A child's world

These are Alex's pictures. He drew the one on the left when he was 6, just after he started his HANDLE® Programme with Sean and the one on the right a year later. His mother is so proud of him she wanted to share them. I think the pictures show us not only how much easier it is now for Alex to hold and use a pencil but also something about his relationship to his body and his world.

We are excited by the many ways that HANDLE can help people. We hope that this year you'll be able to come and join us at one of our courses. We look forward to seeing you again or for the first time.


One Night Out

A year ago, having put my bassoon aside for 20 years my friend encouraged me to pull it out from under the sofa, dust it down and join our local Concert Orchestra. 

In the first few months I frequently asked myself why I was spending my one night out a week in a state of sweaty anxiety as I fumbled and blasted my way through the pieces. Yet my fellow players were very welcoming and I gradually improved playing amongst them. The notes started to flow more easily and somehow what I played sounded more tuneful. 

So, what's the key to getting started and then to sustaining our learning when it's hard? For me it is learning with others. There are hundreds of free or low cost courses available online but when there is no face to face contact at all completion rates average between 3 and 10%. One history course run by Princeton University had a 99.2% drop out rate.

We need to learn and stretch ourselves, to enrich our world for each other and our children and their children. Perhaps the best way and most successful way to do it is together, face to face, regularly and with humour. I go to orchestra because I know the others will be there, that we need each other and that we will laugh as much when the trumpets fluff it as when I do.


There's sweet and there's sweet

Our son really loves sweet things.  

He loves ice cream and sweets best of all but will guzzle up just about anything which has a high sugar content. We try and minimise his sugar intake but as he grows so does his social circle and there are lots of birthdays and 'treat times', all which involve the delights of sugar.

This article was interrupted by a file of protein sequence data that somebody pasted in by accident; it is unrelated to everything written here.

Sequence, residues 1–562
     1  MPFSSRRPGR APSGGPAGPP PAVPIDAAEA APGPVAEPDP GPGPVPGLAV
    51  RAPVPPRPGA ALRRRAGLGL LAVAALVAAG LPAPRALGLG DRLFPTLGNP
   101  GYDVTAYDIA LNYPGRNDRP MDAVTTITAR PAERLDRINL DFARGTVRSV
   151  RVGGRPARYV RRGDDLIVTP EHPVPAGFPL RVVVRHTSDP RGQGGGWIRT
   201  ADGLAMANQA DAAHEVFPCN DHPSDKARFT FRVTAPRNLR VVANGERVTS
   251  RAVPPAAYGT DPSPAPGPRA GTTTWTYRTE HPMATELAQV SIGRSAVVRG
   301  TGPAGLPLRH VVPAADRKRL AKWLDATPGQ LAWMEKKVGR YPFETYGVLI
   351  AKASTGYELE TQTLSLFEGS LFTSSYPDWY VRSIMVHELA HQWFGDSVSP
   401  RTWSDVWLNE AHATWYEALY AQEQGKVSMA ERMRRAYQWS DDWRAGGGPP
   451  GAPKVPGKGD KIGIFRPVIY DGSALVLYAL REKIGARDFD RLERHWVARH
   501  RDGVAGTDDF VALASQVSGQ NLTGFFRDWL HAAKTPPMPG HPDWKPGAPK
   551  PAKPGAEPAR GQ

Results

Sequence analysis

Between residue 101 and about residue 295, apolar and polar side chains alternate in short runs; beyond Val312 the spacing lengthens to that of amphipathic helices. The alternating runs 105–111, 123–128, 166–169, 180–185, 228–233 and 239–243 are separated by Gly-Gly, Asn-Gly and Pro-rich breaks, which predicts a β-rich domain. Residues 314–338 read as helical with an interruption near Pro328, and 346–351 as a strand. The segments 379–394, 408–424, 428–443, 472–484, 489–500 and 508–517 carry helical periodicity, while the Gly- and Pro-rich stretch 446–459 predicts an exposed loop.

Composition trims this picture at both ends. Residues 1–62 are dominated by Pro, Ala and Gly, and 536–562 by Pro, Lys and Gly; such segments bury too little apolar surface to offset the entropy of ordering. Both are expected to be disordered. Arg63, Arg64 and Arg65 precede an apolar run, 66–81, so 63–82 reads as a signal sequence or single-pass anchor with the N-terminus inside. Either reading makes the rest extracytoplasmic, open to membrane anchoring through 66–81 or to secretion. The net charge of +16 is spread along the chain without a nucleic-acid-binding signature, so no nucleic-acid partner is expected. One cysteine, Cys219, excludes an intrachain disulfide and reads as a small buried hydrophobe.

Recently our osteopath recommended that he give sugar a break for at least three weeks as it appeared to be stressing his digestive system. "Three weeks!" we thought. It was tough at the start and social situations can be tricky but it has been a journey of discovery. The boy who didn't really like to be touched and could be a bit crabby and uncommunicative in the morning has become so sweet. We have taken the sweetness out of his diet and his sweet, gentle nature has flourished. His moods are more even and he welcomes and initiates touch. Instead of teasing or hitting his little brother he asks him for a cuddle.  He is also more available, communicative and empathetic.  

From a HANDLE® perspective this all makes sense. A less stressed internal environment can lower overall stress levels and have a positive effect on other systems such as the sense of touch. Less stress means we are more able to relate to our environment and those around us with ease and enjoyment.  Of course every child is different and changes are often the interplay of more than one thing but it is wondrous to behold the differences.

My next questions is how do we make this 'three weeks' a permanent thing? 


Riding a horsie

The Summer holidays are ending and we are packing away the camping gear and getting the school bags ready, though we'll still be heading outdoors whenever we can.

The National Trust have made a list of  50 things to do before you're 11 and three quarters. After this Summer our sons are well on the way to checking them off. The list starts with climbing a tree, camping in the wild and making wild art, includes catching a crab, star gazing, building a den and finishes with learning to ride a horse and canoeing down a river. The list is an inspiring reminder of the importance for all of us to make time to explore and adventure outdoors. Research from UCLA has shown that exercise enhances neuroplasticity by stimulating growth of new connections between cells in important cortical areas of the brain. 

Being in nature inspires a sense of wonder and eases the stresses of our busy daily lives. I'd like to make going on a walk barefoot my next item to check off, even though I'm a bit older than eleven and three quarters.